VI. That therefore it is the duty of all Christians diligently to search the scriptures, and it is the office of ministers to guide and assist them therein. How useful soever this book of books is in itself, it will be of no use to us if we do not acquaint ourselves with it, by reading it daily, and meditating upon it, that we may understand the mind of God in it, and may apply what we understand to ourselves for our direction, rebuke, and comfort, as there is occasion. It is the character of the holy and happy man that his delight is in the law of the Lord; and, as an evidence thereof, he converses with it as his constant companion, and advises with it as his most wise and trusty counsellor, for in that law doth he meditate day and night, Ps. 1:2. It concerns us to be ready in the scriptures, and to make ourselves so by constant reading and careful observation, and especially by earnest prayer to God for the promised gift of the Holy Ghost, whose office it is to bring things to our remembrance which Christ hath said to us (Jn. 14:26), that thus we may have some good word or other at hand for our use in our addresses to God and in our converse with men, in our resistance of Satan and in communing with our own hearts, and may be able, with the good householder, to bring out of this treasury things new and old, for the entertainment and edification both of ourselves and others. If any thing will make a man of God perfect in this world, will complete both a Christian and a minister, and thoroughly furnish him for every good work, it must be this. 2 Tim. 3:17. It concerns us also to be mighty in the scriptures, as Apollos was (Acts 18:24), that is, to be thoroughly acquainted with the true intent and meaning of them, that we may understand what we read, and may not misinterpret or misapply it, but by the conduct of the blessed Spirit may be led into all truth (Jn. 16:13), and may hold it fast in faith and love, and put every part of scripture to that use for which it was intended. The letter, either of law or gospel, profits little without the Spirit. The ministers of Christ are herein ministers to the Spirit for the good of the church; their business is to open and apply the scriptures; thence they must fetch their knowledge, thence their doctrines, devotions, directions, and admonitions, and thence their very language and expression. Expounding the scriptures was the most usual way of preaching in the first and purest ages of the church. What have the Levites to do but to teach Jacob the law (Deu. 33:10); not only to read it, but to give the sense, and cause them to understand the reading? Neh. 8:8. How shall they do this except some man guide them? Acts 8:31. As ministers would hardly be believed without Bibles to back them, so Bibles would hardly be understood without ministers to explain them; but if, having both, we perish in ignorance and unbelief, our blood will be upon our own head.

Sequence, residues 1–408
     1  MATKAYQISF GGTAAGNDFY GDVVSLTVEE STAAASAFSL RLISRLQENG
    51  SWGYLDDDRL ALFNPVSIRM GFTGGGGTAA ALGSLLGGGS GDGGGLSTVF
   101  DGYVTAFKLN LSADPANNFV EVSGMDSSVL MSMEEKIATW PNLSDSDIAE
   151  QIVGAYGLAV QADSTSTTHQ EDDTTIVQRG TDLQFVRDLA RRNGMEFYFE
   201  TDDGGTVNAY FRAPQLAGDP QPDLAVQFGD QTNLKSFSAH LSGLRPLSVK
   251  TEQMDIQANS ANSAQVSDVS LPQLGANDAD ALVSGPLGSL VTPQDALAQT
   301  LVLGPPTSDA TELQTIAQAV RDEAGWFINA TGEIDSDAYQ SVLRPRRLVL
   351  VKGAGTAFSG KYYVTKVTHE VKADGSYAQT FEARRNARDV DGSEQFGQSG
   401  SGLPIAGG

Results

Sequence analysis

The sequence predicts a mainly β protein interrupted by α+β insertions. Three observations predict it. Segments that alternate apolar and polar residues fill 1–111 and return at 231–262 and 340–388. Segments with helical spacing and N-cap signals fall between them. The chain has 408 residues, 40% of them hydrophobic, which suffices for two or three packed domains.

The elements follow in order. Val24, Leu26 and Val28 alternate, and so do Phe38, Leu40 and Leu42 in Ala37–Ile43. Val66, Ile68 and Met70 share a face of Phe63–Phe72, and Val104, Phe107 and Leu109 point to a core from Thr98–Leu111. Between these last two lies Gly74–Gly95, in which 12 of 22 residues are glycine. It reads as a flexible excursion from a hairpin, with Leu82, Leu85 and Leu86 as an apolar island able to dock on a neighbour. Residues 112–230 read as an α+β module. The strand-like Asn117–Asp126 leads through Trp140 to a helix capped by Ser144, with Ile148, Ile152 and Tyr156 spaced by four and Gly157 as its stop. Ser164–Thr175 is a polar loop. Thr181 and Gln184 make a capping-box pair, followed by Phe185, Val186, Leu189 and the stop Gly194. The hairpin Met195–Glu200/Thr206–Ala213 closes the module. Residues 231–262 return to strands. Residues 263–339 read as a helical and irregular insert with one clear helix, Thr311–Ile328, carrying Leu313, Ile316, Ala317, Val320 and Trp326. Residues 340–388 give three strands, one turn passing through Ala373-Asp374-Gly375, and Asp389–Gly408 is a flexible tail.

Being fully persuaded therefore of these things, I conclude that whatever help is offered to good Christians in searching the scriptures is real service done to the glory of God, and to the interests of his kingdom among men; and it is this that hath drawn me into this undertaking, which I have gone about in weakness, and in fear, and in much trembling (1 Co. 2:3), lest I should be found exercising myself in things to high for me, and so laudable an undertaking should suffer damage by an unskilful management. If any desire to know how so mean and obscure a person as I am, who in learning, judgment, felicity of expression, and all advantages for such a service, am less than the least of all my Master’s servants, came to venture upon so great a work, I can give no other account of it than this: It has long been my practice, what little time I had to spare in my study from the constant preparations for the pulpit, to spend it in drawing up expositions upon some parts of the New Testament, not so much for my own use as purely for my entertainment, because I knew not now to employ my thoughts and time more to my satisfaction. Trahit sua quemque voluptas—Every man that studies hath some beloved study, which is his delight above any other; and this is mine. It is that learning which it was my happiness from a child to be trained up in, by my ever honoured father, whose memory must always be very dear and precious to me: he often reminded me that a good textuary is a good divine; and that I should read other books with this in my eye, that I might be the better able to understand and apply the scripture. While I was thus employing myself came out Mr. Burkitt’s Exposition, of the Gospels first, and afterwards of the Act and the Epistles, which met with very good acceptance among serious people, and no doubt, by the blessing of God, will continue to do great service to the church. Soon after he had finished that work, it pleased God to call him to his rest, upon which I was urged, by some of my friends, and was myself inclined, to attempt the like upon the Old Testament, in the strength of the grace of Christ. This upon the Pentateuch is humbly offered as a specimen; if it find favour, and be found any way useful, it is my present purpose, in dependence upon divine aids, to go on, so long as God shall continue my life and health, and as my other work will permit. Many helps, I know, we have of this kind in our own language, which we have a great deal of reason to value, and to be very thankful to God for: but the scripture is a subject that can never be exhausted. Semper habet aliquid relegentibus—However frequently we read it, we shall always meet with something new. When David had amassed a vast treasure for the building of the temple, yet saith he to Solomon, Thou mayest add thereto, 1 Chr. 22:14. Such a treasure is scripture-knowledge; it is still capable of increase, till we all come to the perfect man. The scripture is a field or vineyard which finds work for variety of hands, and about which may be employed a great diversity of gifts and operations, but all from the same Spirit (1 Co. 12:4, 6) and for the glory of the same Lord. The learned in the languages and in ancient usages have been very serviceable to the church (the blessed occupant of this field), by their curious and elaborate searches into its various products, their anatomies of its plants, and the entertaining lectures they have read upon them. The philology of the critics has been of much more advantage to religion, and lent more light to sacred truth, than the philosophy of the school-divines. The learned also in the arts of war have done great service in defending this garden of the Lord against the violent attacks of the powers of darkness, successfully pleading the cause of the sacred writings against the spiteful cavils of atheists, deists, and the profane scoffers of these latter days. Such as these stand in the posts of honour, and their praise is in all the churches: yet the labours of the vine-dressers and the husbandmen (2 Ki. 25:12), though they are the poor of the land who till this ground, and gather in the fruits of it, are no less necessary in their place, and beneficial to the household of God, that out of these precious fruits every one may have his portion of meat in due season. These are the labours to which, according to my ability, I have here set my hand. And as the plain and practical expositors would not, for a world, say of the learned critics, There is no need of them; so, it is hoped, those eyes and heads will not say to the hands and feet, There is no need of you, 1 Co. 12:21.